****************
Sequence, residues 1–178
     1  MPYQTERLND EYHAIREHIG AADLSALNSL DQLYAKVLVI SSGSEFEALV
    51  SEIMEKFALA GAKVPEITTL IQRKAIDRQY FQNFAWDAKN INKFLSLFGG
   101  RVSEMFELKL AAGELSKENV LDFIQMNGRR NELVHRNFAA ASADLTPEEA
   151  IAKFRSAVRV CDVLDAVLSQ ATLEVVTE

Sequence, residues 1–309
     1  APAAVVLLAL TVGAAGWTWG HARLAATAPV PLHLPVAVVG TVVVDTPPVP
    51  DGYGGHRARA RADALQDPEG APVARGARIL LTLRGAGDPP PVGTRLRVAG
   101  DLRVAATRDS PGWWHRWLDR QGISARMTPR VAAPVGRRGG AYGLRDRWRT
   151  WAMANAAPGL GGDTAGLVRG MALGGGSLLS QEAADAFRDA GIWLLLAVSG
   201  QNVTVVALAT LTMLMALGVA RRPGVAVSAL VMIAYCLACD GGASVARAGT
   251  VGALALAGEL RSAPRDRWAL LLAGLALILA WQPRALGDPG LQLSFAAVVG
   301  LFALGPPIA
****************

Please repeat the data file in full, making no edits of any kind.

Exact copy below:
Sequence, residues 1–178
     1  MPYQTERLND EYHAIREHIG AADLSALNSL DQLYAKVLVI SSGSEFEALV
    51  SEIMEKFALA GAKVPEITTL IQRKAIDRQY FQNFAWDAKN INKFLSLFGG
   101  RVSEMFELKL AAGELSKENV LDFIQMNGRR NELVHRNFAA ASADLTPEEA
   151  IAKFRSAVRV CDVLDAVLSQ ATLEVVTE

Sequence, residues 1–309
     1  APAAVVLLAL TVGAAGWTWG HARLAATAPV PLHLPVAVVG TVVVDTPPVP
    51  DGYGGHRARA RADALQDPEG APVARGARIL LTLRGAGDPP PVGTRLRVAG
   101  DLRVAATRDS PGWWHRWLDR QGISARMTPR VAAPVGRRGG AYGLRDRWRT
   151  WAMANAAPGL GGDTAGLVRG MALGGGSLLS QEAADAFRDA GIWLLLAVSG
   201  QNVTVVALAT LTMLMALGVA RRPGVAVSAL VMIAYCLACD GGASVARAGT
   251  VGALALAGEL RSAPRDRWAL LLAGLALILA WQPRALGDPG LQLSFAAVVG
   301  LFALGPPIA